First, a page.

Hay Essential Oil
Harmonious Hay Essential Oil captures the countrified aroma of a sweet, summer day. Steam distilled from French countryside hay, this unique aromatic oil offers fascinating tendrils of dried apricot and honeyed-amber. Reminiscent of sweet grass, these unique and tranquil top notes graces perfumes with pastoral peace as this hay essence emanates a happy, comforting aroma.
Botanical Name: Hierochloe alpina
Botanical Family: Poaceae
Extraction Method: Co-distilled
Part of Plant Distilled: Straw
Country of Origin: Corsica
Cultivation Method: Organic
Composition: 100% Hierochloe alpina
Scent Description: Sun shining on fields of fallen fruits with hints of sweet grass, a sultry breeze and autumn leaves.
In Living Libations: Night Flight to Venus Petal Perfume
Blends well with: Jasmine, Ylang, Marjoram, Vanilla, Lemon, Bergamot, Neroli, Orange Blossom Absolute, Blood Orange, Tangerine, Sweet Thyme Linalool, Palma Rosa, Vetiver, Spikenard, and Patchouli.
Uses: Perfectly pleasant in perfumes, aromatherapy blends and colognes. Diffuse to infuse the sweet scent of summer.
Our happy Hay Essential Oil is the result of months-long labors of love! During the harvest in Corsica, our distiller dries the fragrant hay in the sunshine for months on end until it is ready to exude its aromatic oil.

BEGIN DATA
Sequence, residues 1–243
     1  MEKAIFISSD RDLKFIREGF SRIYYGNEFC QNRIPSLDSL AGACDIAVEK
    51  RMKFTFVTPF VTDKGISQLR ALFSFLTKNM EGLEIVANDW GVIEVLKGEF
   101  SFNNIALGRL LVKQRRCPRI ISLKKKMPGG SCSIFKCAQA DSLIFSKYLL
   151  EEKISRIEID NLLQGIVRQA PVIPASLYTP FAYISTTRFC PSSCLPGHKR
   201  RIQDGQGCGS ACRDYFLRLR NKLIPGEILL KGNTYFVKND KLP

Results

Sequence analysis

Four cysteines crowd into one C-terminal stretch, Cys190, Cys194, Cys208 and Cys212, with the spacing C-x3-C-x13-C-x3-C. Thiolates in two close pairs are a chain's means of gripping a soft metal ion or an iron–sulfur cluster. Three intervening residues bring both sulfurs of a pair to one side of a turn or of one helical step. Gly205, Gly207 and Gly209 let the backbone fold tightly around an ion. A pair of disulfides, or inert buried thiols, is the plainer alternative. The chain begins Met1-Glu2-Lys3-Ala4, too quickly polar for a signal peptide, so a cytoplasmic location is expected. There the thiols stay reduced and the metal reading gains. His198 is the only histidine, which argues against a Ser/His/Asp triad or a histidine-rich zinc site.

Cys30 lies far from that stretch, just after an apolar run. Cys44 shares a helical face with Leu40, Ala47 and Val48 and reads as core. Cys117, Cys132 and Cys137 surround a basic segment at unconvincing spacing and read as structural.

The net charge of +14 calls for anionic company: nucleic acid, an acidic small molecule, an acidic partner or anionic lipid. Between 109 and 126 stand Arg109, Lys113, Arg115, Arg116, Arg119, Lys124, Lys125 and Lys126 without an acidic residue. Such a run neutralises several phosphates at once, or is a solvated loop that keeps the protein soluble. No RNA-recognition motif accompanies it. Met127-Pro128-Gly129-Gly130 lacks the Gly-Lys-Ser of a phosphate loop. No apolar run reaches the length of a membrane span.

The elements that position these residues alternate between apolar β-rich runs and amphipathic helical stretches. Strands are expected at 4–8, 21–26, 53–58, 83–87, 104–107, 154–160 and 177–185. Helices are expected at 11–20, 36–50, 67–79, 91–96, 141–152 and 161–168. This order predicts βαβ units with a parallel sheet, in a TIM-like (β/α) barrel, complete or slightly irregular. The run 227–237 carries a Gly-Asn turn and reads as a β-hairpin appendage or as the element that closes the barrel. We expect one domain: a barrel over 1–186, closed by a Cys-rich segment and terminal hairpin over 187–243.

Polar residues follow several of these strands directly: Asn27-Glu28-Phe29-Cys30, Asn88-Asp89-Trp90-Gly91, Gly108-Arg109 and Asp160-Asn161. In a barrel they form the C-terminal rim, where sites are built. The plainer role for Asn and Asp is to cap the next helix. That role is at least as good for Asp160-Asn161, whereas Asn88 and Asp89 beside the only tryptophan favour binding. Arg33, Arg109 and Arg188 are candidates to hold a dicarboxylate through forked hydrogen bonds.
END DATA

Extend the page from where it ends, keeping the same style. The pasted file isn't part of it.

The secret of hay's sunny day scent is in its constituent coumarin. Coumarin is a naturally occurring chemical compound found in many plants, including sweet clover, sweet grass, bergamot, and cinnamon. The use of Hay Essential Oil in colognes and perfumes dates back to the late 19th century, when perfumeries began cultivating and harvesting it to sweeten the scent of their fragrant creations.
"The term 'agrestic' refers to odors that are in some way reminiscent of the countryside or great outdoors
– woods, meadows, damp earth. Here we find the complex mossy scent of oakmoss... and the sweet rich hay absolute. Vetiver essential oil could represent the earthy aspect of the agrestic family, as could patchouli..." Jennifer Peace Rhind, Listening to Scent
"The grateful sweetness of new-mown hay, breathing refreshment." Robert Dodsley, 1777